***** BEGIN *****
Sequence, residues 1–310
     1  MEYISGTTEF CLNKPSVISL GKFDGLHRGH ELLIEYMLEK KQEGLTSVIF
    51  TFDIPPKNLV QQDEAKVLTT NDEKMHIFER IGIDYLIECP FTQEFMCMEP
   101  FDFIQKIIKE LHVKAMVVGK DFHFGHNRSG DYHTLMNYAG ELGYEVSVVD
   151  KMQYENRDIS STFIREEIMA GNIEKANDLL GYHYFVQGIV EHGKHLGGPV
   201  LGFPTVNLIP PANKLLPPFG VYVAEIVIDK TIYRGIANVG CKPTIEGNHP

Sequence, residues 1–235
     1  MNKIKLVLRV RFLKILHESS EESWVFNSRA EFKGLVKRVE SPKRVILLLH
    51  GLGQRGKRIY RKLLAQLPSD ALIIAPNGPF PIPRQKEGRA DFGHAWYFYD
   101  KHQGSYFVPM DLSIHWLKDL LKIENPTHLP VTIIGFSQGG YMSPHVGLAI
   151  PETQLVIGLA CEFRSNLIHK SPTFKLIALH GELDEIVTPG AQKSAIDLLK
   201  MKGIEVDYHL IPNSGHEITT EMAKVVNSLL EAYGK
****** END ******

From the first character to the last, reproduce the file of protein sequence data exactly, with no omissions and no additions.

Sequence, residues 1–310
     1  MEYISGTTEF CLNKPSVISL GKFDGLHRGH ELLIEYMLEK KQEGLTSVIF
    51  TFDIPPKNLV QQDEAKVLTT NDEKMHIFER IGIDYLIECP FTQEFMCMEP
   101  FDFIQKIIKE LHVKAMVVGK DFHFGHNRSG DYHTLMNYAG ELGYEVSVVD
   151  KMQYENRDIS STFIREEIMA GNIEKANDLL GYHYFVQGIV EHGKHLGGPV
   201  LGFPTVNLIP PANKLLPPFG VYVAEIVIDK TIYRGIANVG CKPTIEGNHP

Sequence, residues 1–235
     1  MNKIKLVLRV RFLKILHESS EESWVFNSRA EFKGLVKRVE SPKRVILLLH
    51  GLGQRGKRIY RKLLAQLPSD ALIIAPNGPF PIPRQKEGRA DFGHAWYFYD
   101  KHQGSYFVPM DLSIHWLKDL LKIENPTHLP VTIIGFSQGG YMSPHVGLAI
   151  PETQLVIGLA CEFRSNLIHK SPTFKLIALH GELDEIVTPG AQKSAIDLLK
   201  MKGIEVDYHL IPNSGHEITT EMAKVVNSLL EAYGK